Hurricane Irma Update
Sept. 6, 2017, 5 p.m. EDT (2100 UTC)

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Updated Sept. 6, 2017, 5 p.m. EDT (2100 UTC)

Overview

At 5 p.m. EDT (2100 UTC), the eye of Hurricane Irma was located near latitude 18.8 North, longitude 65.4 West. Irma is moving toward the west-northwest near 16 mph (26 km/h), and this general motion is expected to continue for the next couple of days. On the forecast track, the extremely dangerous core of Irma will pass just north of Puerto Rico tonight, pass near or just north of the coast of Hispaniola Thursday, and be near the Turks and Caicos and southeastern Bahamas by Thursday evening.

Maximum sustained winds are near 185 mph (295 km/h) with higher gusts. Irma is a Category 5 hurricane on the Saffir-Simpson Hurricane Wind Scale. Some fluctuations in intensity are likely during the next day or two, but Irma is forecast to remain a powerful Category 4 or 5 hurricane during the next couple of days.

Hurricane-force winds extend outward up to 50 miles (85 km) from the center and tropical-storm-force winds extend outward up to 185 miles (295 km). A wind gust to 62 mph (100 km/h) has been recently reported at San Juan, Puerto Rico.

The estimated minimum central pressure based on Air Force reconnaissance aircraft data is 914 mb (26.99 inches).

Track Information

As of 2100z Irma is moving along the northeast shore of Puerto Rico. It will stay north off the shores of the Dominican Republic and Haiti Thursday afternoon as it moves closer to the islands of the Bahamas on its track west/northwestward. By Friday afternoon it will be north of the eastern end of Cuba, nearer the Bahamas before turning back towards the central Cuba shoreline on Saturday afternoon. Sometime on Saturday Irma is expected to turn to the north.

The predominant model consensus is for a turn early on Saturday, which takes Irma up the eastern side of Florida. The National Hurricane Center (NHC) forecasters are showing a track that makes landfall south of Miami on Sunday morning. It then moves through the West Palm Beach area before going back off shore near Orlando Monday morning.

It is important to note that the two main models (US and Euro), which are ensembles with multiple permutations, still show a few tracks that take Irma into the Gulf and up the west side of Florida. This is reflected in the NHC's "cone of uncertainty," which reaches from the Florida Panhandle on the west side, well into the Atlantic on the east side at day five of their forecast. Average track forecast error at 4 days (near South Florida) is roughly 175 miles, at 5 days (near north Florida) about 225 miles.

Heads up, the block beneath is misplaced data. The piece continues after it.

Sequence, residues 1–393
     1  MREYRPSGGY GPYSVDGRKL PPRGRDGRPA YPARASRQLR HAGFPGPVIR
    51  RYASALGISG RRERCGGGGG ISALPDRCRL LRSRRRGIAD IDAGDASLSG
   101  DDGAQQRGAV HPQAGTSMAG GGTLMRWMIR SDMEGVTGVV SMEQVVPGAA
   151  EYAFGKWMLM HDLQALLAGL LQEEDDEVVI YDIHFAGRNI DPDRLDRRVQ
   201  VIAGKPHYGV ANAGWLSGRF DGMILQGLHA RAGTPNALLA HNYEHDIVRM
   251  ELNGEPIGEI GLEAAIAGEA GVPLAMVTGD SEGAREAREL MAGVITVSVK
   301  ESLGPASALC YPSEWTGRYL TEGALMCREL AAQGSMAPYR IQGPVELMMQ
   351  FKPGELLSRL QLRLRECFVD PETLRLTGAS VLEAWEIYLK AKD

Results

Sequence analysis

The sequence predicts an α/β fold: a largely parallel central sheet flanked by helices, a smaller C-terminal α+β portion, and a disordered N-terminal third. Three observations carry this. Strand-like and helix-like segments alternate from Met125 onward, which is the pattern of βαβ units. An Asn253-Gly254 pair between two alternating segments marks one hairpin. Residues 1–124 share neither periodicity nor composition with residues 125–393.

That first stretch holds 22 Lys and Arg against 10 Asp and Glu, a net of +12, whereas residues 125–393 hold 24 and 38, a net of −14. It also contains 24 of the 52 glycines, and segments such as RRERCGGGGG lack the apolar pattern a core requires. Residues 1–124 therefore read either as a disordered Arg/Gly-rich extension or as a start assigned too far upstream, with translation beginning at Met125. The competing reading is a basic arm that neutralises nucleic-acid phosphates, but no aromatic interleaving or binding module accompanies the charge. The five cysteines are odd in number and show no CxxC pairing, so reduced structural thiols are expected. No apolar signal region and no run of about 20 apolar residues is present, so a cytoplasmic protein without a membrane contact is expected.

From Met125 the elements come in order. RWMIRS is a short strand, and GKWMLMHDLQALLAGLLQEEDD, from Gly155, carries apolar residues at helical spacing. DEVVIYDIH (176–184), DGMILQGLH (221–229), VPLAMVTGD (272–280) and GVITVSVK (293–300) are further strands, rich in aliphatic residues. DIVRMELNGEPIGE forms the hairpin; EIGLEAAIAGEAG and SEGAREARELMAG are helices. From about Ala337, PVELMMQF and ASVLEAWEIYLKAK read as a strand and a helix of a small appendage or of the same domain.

Airport Information

There are numerous airport closures listed on the FAA OIS page (14 so far), which is a good starting place for many of the major airports. Also, please note that many of these closures are for numerous days at this point. A number of other airports are also reporting ATC Zero status, which means that the airport is open, but the tower is no longer staffed, this means that it reverts to an uncontrolled airfield. Brand new this storm is an CANSO CADENA OIS page. This is a good source for additional, detailed information regarding airport closures and route issues for places like PIARCO and San Juan, among others.

NOTAMs are the most accurate way to determine the status of an airport as these are managed by the airport manager or airport authority. In events such as this, it is hard for the FAA to keep the OIS page updated with the ongoing airport status changes. Operators should call ahead to confirm needed services are available regardless of airport status.

View PilotWeb NOTAMs.

Route Information

Limited radio coverage inside the PIARCO FIR, but all frequencies should be operational. ZSU, BQN, and SIG radars have been shut down in preparation. ZSU will use their protected long-range radar for the area. ZSU radio frequencies are all operational at this time. The QJQ long range radar failed. The SST VOR failed. The STX VOR is un-monitored. Multiple power failures have been reported on St. Thomas, St. Croix and Puerto Rico. There are more outages listed in NOTAMs. It may take time to get people and parts to these facilities once it is safe.

Due to the current path, no impact to New York Oceanic (ZWY) is expected, so they will work with the others to move traffic out of the impacted centers. Some of this will be handled tactically, but there could also be required reroutes.

Operators are encouraged to monitor the FAA Current Reroutes page and the FAA Advisories Database for the latest on required reroutes and route closures.

Additional Operational Resources

National Hurricane Center
The National Hurricane Center has all the latest information on tropical storms or hurricanes in both the Atlantic (including the Caribbean Sea, Gulf of Mexico) and Pacific basins. These resources include forecast tracks and intensity as well as winds and storm surge.

NBAA Airspace/Airport Alerts
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